And now... The Wine Racks

Paul McCobb was a hard worker. People who knew him well frequently had this to say about him. He and his wife Molly were constantly working.

What’s interesting is that he somehow managed to keep working (if we are to believe certain items commonly attributed to him) for several years after he passed away. Now that’s what I call dedication!

Obviously there have been mistakes made along the way as far as Paul McCobb attributions are concerned, much of my blogging on here has been about debunking these misattributions and today’s blog post is no exception as I delve into yet another common misattribution, the wine racks.

Though commonly attributed to Paul McCobb these Wrought Iron, Leather and Butcher Block Wine Racks were in fact designed by Arthur Umanoff for Shaver Howard and distributed by Raymor around 1971/1972 with the possibility that they might have started manufacture as early as 1967 and possibly continued production as late as 1980.

I first became aware of the probable correct attribution while interviewing a former Raymor designer last year. After describing the Wine Racks to him in some detail (it was a phone interview) he said “Arthur was doing stuff like that with the Butcher Block and the Leather”. As I questioned him further we were able to establish that “Arthur" was in fact Arthur Umanoff and that the company he thought likely to have produced these pieces was Shaver Howard, one of the Raymor concerns, but he couldn’t remember what years they might have been produced beyond suggesting late 60’s early 70’s as that was the time that he himself worked as a designer for Raymor.

So now I had an idea of where to look and what to look for. Unfortunately other things kept pushing this project off to the side. A few abortive attempts at searching out Arthur Umanoff had yielded some suggestive information from the late 60’s showing markedly similar designs for Shaver Howard but nothing with the signature leather straps.

When next I had the opportunity to try searching out this information I had better luck. Searching Shaver Howard turned out to be the charm as there were a limited number of articles in the ProQuest Historical Newspapers database I was able to finally find an image of one of the leather and wrought iron wine racks clearly attributed to Shaver Howard in an ad in the December 3, 1971 Issue of the LA Times (Below).

“Large wrought iron dome shaped wine rack holds 67 bottles. 75.00
Small 4-bottle in wrought iron and leather from Shaver Howard. At 10.00. In our Arts/Gifts.”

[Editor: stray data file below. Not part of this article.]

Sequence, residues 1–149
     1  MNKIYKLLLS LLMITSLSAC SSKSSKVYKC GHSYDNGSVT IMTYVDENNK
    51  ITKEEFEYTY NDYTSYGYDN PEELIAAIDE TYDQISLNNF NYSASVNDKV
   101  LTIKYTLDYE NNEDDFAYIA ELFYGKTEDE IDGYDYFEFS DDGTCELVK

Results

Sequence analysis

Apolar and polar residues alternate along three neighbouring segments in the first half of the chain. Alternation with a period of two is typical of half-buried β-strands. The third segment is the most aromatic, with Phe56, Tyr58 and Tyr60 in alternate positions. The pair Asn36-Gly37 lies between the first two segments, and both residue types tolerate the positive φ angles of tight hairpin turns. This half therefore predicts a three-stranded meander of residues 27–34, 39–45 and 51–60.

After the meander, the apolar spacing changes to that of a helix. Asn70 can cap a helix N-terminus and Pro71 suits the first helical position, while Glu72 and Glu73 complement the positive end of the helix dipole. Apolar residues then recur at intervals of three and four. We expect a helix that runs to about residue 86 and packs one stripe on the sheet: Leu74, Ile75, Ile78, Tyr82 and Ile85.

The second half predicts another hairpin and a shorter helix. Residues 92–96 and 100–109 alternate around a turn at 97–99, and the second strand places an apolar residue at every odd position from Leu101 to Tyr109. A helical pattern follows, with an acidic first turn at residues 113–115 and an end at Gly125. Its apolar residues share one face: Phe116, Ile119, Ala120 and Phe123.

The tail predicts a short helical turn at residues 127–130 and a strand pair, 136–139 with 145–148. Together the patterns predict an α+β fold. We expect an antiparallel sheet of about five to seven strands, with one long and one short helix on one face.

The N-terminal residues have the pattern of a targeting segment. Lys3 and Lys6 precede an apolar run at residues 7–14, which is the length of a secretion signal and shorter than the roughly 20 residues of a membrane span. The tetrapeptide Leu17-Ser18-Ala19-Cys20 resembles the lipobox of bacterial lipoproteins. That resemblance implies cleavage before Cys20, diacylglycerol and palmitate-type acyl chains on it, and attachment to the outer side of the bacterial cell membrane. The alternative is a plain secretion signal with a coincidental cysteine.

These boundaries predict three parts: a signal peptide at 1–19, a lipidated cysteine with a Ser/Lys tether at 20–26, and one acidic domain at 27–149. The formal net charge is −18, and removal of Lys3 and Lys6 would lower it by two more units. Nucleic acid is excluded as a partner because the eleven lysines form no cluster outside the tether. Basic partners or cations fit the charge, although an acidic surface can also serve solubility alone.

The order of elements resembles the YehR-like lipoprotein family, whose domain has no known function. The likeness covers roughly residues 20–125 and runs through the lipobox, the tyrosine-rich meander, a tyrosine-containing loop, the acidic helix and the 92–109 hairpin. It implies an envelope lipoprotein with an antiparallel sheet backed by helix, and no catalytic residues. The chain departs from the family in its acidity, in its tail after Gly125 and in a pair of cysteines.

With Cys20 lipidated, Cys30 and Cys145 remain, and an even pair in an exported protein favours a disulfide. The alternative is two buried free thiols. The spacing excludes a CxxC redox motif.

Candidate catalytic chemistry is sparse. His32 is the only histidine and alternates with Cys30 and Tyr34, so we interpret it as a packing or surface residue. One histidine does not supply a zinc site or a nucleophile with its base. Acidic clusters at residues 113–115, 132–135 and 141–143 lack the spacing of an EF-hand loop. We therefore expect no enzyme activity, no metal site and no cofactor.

In the advertisement above from late 1971 we see an image one of the leather and wrought iron wine racks which gives us information establishing date of production and manufacturer. So that’s part of the puzzle, it pretty clearly establishes that these were not designed by Paul McCobb as they are produced several years after he died by a company he had no known affiliation with. Arthur Umanoff, however, had a long standing affiliation with Shaver Howard, as their designer, as seen in the article clippings below

Arthur Umanoff Etageré for Shaver Howard circa 1967

Arthur Umanoff Bar and Bar Stool for Shaver Howard circa 1967

Unfortunately the record I have been able to assemble is fragmentary, I have yet to uncover images of the larger wine racks in period ads or editorials, but I think that there is enough information here, to, in the very least, cast some serious doubts as to the veracity of anyone claiming that Paul McCobb designed these wrought iron and leather wine racks.

Addendum: Since writing this I have been in contact with Arthur Umanoff's daughter. She has most generously agreed to grant me access to her archive of materials related to her father's design career in the coming weeks. I am very excited to see this material and hope to be able to amend this post with better, more authoritative information once I have gone through the archive. Watch this space!


  1. Thank you for this! I was always convinced that those were a Umanoff design; they just look so much like his other Raymor-distributed pieces.

  2. I had a feeling after the globes, the wine racks were next. Great work! Also, I want that etagere.

  3. Gene

    There's one (Umanoff Etagere) available on Ebay right now (unattributed), Ebay item number 380127563585.

  4. Nothing unique in people being productive after their (alleged?) demise. As examples, Elvis Presley & Marilyn Monroe. Additionally, Edgar Rice Burrows published books after his death and I think some old, dead, German, music writer did the same, although I'm not sure, since I pay minimal attention to old, dead, German, music writers.

  5. What you say is true, but not in this case. Every shred of information I have points to there being no new Paul McCobb design lines after 1965.

  6. Thanks for the tip, Jonathan.

    It is great that you're sorting this stuff out and putting the information up on your blog. I hope it has an affect - there is an incredible amount of misattribution out there, and it seems to me that, by and large, the dealers and auction houses don't want to be corrected.

  7. Gene

    It depends on the auction house, both LA Modern and Wright have been absolutely stellar about reversing a misattribution once given the correct information, others less so.

    The dealers have been following suit once the information is widely disseminated, no one want's to be the holdout when the correct information is readily available and easily visible to the general public.

  8. There is an incredible amount of misattribution out there, and it seems to me that, by and large, the dealers and auction houses don't want to be corrected.

    Wine Glasses


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